The identification of important prognostic factors at diagnosis of childhood leukemia has been very useful in explaining the marked differences in disease outcome. After a complete remission is achieved, it is interesting to determine whether the ability to maintain a complete remission and the patient's survival continue to be influenced by the prognostic factors identified at diagnosis. If the maintenance of complete remission and survival continue to be influenced, it is important to determine the magnitude of this effect and its variations with time. Data from a study population of 936 children with newly diagnosed acute lymphoblastic leukemia were analyzed to determine the duration of effect for three variables showing strong prognostic influence: WBC, age at diagnosis, and sex. The strongest of these, WBC, showed a gradual attenuation of effect for children in progressively longer periods of complete continuous remission to a virtual disappearance at 24 months. Age and sex showed a similar reduction in prognostic effect with a negligible contribution at 15 months of continuous complete remission. However, sex becomes an important variable again with a late effect on recurrence results in patients who experience long periods of remission.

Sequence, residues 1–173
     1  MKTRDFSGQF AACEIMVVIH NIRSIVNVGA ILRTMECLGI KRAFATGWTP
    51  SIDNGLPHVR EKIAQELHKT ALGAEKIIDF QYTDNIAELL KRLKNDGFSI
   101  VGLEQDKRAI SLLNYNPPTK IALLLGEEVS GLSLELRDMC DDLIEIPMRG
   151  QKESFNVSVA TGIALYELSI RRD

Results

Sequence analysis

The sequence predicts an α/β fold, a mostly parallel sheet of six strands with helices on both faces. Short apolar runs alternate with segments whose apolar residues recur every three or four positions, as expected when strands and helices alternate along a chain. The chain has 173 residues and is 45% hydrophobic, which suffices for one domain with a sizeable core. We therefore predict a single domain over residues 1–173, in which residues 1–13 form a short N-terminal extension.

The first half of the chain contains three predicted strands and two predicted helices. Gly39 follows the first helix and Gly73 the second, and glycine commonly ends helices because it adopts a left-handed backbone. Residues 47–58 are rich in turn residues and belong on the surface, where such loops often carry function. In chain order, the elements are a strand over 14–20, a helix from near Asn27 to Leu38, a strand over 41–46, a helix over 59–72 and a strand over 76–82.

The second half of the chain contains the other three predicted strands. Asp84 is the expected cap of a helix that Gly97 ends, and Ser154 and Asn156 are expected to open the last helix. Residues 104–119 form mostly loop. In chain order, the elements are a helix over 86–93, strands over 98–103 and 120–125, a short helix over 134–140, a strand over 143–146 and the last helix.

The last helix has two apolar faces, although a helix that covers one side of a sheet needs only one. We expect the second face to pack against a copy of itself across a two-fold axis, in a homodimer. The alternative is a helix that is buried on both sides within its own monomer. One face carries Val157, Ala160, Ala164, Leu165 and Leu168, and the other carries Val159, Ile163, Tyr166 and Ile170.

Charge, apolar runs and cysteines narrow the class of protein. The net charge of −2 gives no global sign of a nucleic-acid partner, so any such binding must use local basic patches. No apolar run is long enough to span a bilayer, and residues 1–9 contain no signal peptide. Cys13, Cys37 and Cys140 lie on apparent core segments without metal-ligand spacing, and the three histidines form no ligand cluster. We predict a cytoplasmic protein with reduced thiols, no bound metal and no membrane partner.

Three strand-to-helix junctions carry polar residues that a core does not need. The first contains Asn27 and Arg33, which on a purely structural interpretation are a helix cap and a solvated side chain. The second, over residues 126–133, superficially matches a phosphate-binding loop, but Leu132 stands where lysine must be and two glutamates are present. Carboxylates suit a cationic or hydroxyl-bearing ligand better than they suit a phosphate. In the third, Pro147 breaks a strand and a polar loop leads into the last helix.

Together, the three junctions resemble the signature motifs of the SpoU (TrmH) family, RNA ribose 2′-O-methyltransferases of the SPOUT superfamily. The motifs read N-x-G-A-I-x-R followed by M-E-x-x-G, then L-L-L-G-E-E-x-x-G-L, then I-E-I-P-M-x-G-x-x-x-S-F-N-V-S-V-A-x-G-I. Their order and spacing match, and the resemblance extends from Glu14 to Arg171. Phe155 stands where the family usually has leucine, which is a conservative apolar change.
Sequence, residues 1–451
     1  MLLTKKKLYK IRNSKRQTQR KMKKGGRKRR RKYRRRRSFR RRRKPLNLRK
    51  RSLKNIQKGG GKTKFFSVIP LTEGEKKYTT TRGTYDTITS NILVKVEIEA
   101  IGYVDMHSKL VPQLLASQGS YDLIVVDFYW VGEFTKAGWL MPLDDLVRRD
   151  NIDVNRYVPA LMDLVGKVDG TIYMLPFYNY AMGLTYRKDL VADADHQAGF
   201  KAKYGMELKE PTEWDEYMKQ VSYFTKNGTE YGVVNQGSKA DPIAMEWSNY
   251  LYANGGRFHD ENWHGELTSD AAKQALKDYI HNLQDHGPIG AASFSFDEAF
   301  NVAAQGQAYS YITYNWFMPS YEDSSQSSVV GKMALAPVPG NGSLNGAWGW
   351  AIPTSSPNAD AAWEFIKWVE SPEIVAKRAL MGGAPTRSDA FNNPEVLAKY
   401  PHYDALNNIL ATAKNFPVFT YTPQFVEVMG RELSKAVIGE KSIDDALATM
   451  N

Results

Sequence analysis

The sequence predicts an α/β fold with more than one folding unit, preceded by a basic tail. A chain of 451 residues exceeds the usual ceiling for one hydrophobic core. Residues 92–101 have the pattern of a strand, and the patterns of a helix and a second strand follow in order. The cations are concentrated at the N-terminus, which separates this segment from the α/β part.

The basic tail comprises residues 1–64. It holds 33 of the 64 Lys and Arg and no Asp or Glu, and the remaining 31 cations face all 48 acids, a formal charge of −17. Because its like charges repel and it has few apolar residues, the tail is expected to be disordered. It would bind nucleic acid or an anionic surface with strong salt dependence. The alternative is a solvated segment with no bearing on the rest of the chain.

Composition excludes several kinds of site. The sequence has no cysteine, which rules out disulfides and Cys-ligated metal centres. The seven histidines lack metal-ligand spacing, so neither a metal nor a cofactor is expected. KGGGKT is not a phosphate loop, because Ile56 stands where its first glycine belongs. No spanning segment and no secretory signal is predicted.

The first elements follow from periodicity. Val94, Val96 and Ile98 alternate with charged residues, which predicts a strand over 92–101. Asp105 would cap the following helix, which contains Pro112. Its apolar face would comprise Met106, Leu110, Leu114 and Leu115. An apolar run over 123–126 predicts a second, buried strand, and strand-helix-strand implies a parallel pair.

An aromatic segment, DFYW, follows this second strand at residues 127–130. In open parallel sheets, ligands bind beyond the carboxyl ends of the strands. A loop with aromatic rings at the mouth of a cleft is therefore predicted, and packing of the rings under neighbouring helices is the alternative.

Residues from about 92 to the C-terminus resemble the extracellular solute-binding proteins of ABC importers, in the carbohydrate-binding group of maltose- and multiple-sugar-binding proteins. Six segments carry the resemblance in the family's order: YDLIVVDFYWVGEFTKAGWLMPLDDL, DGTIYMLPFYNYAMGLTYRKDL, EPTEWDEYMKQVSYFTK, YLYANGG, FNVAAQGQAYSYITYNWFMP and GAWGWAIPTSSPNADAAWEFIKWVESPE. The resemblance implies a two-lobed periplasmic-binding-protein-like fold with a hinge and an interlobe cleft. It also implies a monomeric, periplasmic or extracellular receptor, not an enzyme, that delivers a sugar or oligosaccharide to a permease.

|Original language||English (US)|
|Number of pages||7|
|State||Published - Jul 15 1981|
ASJC Scopus subject areas
- Cancer Research